Internal process deliverables

An internal process deliverable refers to project outcomes to improve internal operations or project management. Examples include process manuals, workflow diagrams, and project plans, which streamline the team's workflow and enhance efficiency.

External process deliverables

External process deliverables are project results that enhance the experience of external stakeholders, such as clients or customers. For instance, an external process deliverable in a consulting project might involve a client onboarding process that improves the client's experience.

Internal product deliverables

Internal product deliverables are outputs primarily valuable to the organization, not external stakeholders. Examples include prototypes, testing environments, and research reports, which inform decision-making and contribute to the project's progress.

External product deliverables

External product deliverables are products or services created for external stakeholders, like clients or end-users. For a construction project, it's the completed building; in software development, it's the software application provided to end-users. These deliverables fulfill external stakeholder needs and define project success.

Defining key deliverables in project management: A step-by-step process

Now that you know what project milestones to account for, it’s equally important to understand some functions of project management deliverables.

So, what do you need to consider when determining your deliverables? Here’s an excellent step-by-step list to go by.

1. Create deliverables

The first step is to create your deliverables.

An excellent way to do this is to look at your objective.

  • What are you trying to achieve?

  • How will you accomplish this?

  • What steps do you need to take?

Answering these questions will help you create a list of key deliverables. You want to break out the objective into steps. Also, look at these steps to make sure they can be feasibly done in a reasonable timeframe.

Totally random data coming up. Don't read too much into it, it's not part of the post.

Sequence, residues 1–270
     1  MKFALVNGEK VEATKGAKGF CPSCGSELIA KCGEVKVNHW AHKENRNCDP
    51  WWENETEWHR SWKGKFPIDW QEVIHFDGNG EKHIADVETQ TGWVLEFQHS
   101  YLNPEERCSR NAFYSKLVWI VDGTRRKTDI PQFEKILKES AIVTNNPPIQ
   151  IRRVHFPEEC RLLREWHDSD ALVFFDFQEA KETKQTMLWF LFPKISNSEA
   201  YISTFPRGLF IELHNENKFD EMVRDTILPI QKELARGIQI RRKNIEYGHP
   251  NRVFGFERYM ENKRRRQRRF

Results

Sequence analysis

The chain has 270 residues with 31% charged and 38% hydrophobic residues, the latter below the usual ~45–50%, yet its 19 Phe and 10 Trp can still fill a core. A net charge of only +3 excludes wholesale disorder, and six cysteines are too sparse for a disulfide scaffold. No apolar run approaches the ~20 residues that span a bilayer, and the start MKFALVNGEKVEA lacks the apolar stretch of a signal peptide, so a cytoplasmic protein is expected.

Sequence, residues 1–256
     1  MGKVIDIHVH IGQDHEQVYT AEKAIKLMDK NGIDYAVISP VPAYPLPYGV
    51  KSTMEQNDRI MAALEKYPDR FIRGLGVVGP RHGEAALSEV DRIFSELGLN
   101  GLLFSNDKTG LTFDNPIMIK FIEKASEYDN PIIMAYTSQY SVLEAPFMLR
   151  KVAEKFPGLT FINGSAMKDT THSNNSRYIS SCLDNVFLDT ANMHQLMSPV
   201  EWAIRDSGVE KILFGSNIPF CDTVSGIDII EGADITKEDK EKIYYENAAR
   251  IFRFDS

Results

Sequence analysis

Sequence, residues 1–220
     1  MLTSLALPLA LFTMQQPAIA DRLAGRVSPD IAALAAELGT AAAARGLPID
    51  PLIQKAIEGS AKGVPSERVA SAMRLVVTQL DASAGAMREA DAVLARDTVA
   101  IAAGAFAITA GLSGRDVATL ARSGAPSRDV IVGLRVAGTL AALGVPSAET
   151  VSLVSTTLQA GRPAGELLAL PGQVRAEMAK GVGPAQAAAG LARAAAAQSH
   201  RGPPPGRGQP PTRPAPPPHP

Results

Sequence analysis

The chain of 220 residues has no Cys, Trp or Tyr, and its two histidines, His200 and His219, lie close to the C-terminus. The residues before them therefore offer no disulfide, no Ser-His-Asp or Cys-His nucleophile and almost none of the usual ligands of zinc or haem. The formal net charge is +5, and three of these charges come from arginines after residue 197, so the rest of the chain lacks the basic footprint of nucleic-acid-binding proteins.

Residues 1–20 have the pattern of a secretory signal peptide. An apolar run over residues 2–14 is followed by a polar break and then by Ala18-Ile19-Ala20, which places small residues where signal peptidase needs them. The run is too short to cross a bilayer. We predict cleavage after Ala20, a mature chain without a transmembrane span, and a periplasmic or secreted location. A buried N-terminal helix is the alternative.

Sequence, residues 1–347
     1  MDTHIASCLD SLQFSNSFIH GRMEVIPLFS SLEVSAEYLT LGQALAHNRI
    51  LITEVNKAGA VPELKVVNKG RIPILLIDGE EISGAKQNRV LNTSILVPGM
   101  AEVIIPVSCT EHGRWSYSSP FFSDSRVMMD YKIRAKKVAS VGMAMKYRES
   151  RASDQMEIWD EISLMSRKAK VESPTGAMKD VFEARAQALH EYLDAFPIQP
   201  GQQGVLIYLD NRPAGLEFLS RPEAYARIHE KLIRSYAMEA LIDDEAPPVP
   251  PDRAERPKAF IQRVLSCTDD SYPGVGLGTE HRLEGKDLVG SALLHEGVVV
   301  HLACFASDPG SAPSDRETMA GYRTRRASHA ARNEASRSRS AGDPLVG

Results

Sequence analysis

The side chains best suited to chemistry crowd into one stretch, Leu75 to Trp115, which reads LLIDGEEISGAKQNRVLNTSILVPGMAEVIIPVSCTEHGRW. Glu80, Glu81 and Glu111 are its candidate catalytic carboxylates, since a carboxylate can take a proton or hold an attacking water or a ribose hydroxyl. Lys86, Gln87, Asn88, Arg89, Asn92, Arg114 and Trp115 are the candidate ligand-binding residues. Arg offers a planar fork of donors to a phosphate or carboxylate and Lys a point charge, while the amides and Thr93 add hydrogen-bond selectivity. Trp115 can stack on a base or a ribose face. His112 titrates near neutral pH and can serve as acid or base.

2. Define internal or external audiences

The next step is to define who your deliverables are for, as mentioned above.

Deliverables can be categorized into internal and external, so at this point, you’ll specify the audience for each task.

3. Add requirements

All deliverables should have two components: the specific deliverable and the acceptance criteria.

Acceptance criteria are a list of requirements a deliverable must meet to be considered complete.

When the deliverable is reviewed, you’ll check against these standards or requirements before advancing to the next round or handing it off to a client.

4. Define the project and process

Here is where you’ll break out subtasks under each deliverable.

In the case of an employee training program, for example, you may have subtasks like:

  • Roll existing training materials into a new system

  • Train employees how to use it

  • Gather feedback on how the training program is going

5. Meet expectations

Of course, the deliverables should meet the internal or external expectations.

So, for example, if you are rolling out new product videos for your customers to download, you’ll want to meet an external expectation: the customers.

6. Measure deliverable success

The last step is to check that your deliverables will be successful before they become part of the plan.